3. How many people outside of your daily contact do you know there? How many of those people are outside of the department of your daily contact?
4. Conversely, how many people have they met from your company besides you? Why not?
5. When was the last time you took a tour of your client’s facility and other locations?
6. When was the last time you just simply thanked them for their business?
7. Have they ever referred a piece of business to you from another company? Why not?
8. How many other ways can they reach you besides phone and e-mail? Skype? LinkedIn? Twitter?
9. Do you have regularly scheduled meetings so the both of you put it on your calendars or are you just waiting for them to call you if they need anything?
10. Have they ever invited you to a luncheon/networking event for an association or cause outside of work? Have you done the same for them?
11. Do you understand their goals not only in terms of “ROI in the next 6 months” but what makes them tick personally and professionally? If you offer to take them to a Cubs game, are they going to be put off because they grew up on the South Side and are rabid Sox fans? What music do they like? Do they play golf? Have kids? These aren’t trivial things to know.
12. Outside of what they need for you to provide for them, how well do you understand all the other factors and forces internally that this person needs to navigate to do their job? When you’re not only someone they can confide in but someone they turn to as a person who helps them brainstorm solutions for greater workplace productivity – and that has NOTHING to do with your actual day-to-day job for them – you’ve hit pay dirt.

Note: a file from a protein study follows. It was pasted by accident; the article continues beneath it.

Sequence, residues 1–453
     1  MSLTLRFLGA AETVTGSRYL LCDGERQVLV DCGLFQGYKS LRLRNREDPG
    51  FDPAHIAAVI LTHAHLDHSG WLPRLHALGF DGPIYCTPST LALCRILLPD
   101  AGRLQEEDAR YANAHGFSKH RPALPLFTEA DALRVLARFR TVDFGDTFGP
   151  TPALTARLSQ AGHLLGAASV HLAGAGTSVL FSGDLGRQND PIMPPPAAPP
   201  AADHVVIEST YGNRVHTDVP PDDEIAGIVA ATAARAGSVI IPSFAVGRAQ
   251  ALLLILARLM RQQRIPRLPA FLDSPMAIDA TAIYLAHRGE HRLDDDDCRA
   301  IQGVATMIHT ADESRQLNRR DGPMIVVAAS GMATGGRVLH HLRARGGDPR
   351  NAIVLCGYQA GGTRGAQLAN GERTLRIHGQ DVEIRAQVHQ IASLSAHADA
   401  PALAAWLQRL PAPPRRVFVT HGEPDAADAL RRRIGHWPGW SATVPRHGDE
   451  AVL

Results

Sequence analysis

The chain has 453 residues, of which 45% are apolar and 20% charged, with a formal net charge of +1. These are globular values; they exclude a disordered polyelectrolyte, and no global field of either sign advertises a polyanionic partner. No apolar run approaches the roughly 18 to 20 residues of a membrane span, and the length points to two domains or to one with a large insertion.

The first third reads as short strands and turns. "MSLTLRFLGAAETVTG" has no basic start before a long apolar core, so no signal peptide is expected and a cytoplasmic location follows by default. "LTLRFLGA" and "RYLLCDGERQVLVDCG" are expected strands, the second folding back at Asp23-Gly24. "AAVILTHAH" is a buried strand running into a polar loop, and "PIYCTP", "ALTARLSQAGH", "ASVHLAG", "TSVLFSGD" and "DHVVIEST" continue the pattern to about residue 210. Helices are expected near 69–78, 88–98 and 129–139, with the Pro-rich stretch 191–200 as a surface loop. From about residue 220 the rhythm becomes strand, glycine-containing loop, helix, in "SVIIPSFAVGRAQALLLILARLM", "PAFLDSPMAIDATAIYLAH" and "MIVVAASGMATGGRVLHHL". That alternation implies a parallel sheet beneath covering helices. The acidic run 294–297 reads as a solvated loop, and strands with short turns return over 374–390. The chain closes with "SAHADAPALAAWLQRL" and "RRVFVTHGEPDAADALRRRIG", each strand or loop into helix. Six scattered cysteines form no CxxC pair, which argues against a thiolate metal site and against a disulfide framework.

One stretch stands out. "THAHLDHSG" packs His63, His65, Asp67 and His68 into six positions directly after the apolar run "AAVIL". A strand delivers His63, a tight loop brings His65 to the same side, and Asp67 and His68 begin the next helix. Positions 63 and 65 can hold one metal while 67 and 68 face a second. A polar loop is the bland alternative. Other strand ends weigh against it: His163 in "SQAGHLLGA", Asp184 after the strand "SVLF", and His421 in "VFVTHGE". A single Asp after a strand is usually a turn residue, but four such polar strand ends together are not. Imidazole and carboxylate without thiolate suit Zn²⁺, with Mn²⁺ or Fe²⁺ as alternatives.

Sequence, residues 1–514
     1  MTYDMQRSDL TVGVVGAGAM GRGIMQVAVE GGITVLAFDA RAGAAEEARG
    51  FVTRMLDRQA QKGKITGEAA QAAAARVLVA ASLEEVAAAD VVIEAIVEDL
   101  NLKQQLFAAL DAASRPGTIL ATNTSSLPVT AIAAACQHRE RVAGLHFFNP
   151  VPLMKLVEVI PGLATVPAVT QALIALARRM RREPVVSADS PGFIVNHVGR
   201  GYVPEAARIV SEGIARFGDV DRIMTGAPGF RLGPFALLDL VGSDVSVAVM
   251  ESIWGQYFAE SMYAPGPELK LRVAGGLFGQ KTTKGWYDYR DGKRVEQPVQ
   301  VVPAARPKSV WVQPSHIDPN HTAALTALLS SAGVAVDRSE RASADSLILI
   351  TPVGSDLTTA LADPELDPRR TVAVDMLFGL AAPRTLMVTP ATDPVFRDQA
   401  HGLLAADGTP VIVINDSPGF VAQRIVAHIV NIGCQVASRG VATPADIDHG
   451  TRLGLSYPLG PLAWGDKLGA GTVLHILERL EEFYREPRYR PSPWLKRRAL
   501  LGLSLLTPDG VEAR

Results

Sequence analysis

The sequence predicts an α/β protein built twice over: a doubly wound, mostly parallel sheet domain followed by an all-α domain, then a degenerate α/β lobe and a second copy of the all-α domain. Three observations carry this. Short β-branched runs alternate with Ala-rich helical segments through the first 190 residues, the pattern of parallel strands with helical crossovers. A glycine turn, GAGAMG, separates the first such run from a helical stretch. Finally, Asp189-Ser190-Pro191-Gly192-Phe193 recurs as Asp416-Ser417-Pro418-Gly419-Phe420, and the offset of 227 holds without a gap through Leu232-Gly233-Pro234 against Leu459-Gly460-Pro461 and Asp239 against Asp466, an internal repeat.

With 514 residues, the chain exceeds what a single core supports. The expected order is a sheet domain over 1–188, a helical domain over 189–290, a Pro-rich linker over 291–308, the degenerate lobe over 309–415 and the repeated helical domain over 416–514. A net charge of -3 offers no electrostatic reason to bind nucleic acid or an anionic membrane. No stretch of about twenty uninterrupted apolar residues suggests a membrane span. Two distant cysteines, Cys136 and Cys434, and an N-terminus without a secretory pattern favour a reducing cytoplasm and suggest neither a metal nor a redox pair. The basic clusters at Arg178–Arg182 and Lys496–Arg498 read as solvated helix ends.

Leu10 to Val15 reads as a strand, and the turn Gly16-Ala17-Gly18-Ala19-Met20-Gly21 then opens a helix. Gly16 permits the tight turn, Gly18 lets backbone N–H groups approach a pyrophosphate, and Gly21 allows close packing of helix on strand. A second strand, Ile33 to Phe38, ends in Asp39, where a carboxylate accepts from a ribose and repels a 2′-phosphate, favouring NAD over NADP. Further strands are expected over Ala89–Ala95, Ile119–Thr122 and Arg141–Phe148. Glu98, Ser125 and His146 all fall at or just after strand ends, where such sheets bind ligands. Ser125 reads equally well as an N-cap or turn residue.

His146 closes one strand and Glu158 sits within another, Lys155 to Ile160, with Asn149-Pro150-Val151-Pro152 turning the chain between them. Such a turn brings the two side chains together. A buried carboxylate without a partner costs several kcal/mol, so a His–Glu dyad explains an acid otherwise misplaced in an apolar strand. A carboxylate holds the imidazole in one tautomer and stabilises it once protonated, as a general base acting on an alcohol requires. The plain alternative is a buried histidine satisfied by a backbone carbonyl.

Some of those may seem like “no brainers” but you would be shocked how many high-ranking management types don’t do them and think they are small in the big picture.
To which my reply is: How many millions would you like to bet on that?
If you have a great example of a way you’ve extended yourself to clients (preferably not just one-time actions, but regular instances that show how you’ve built trust), let’s hear them in your comments so you can inspire others.
Great post, Dan. Thanks for writing it. Massive bummer this is happening in our city. Let’s hope not too many people will be left without a job.
Re: tips. An agency that I used to work with used to merchandise their work with day-to-day clients through client-side internal newsletters, work on the walls, etc. This increases internal visibility for the client as well as create awareness for the agency.
In any relationship, there’s always the need to keep delivering new, unexpected things. You can find some of that here: http://thunderclapcg.com/pass-the-new-my-love-how-to-keep-your-client-ad-agency-relationship-spicy-after-50-years/
Thanks Steve. Great point about the “internal branding” aspect of relationship building. Like many, I work with Marketing Depts. but sometimes the people outside of that department don’t always know what’s going on with the brand. Just the simple step of seeing more of it on the walls made a lot of those other people appreciate what the Marketing Department was doing – and as you can imagine, good internal visibility for them meant greater appreciation for us.
Really enjoy the new business tips you offer regularly at Thunderclap via your blog. It’s an excellent resource for agencies large and small. Keep up the great work!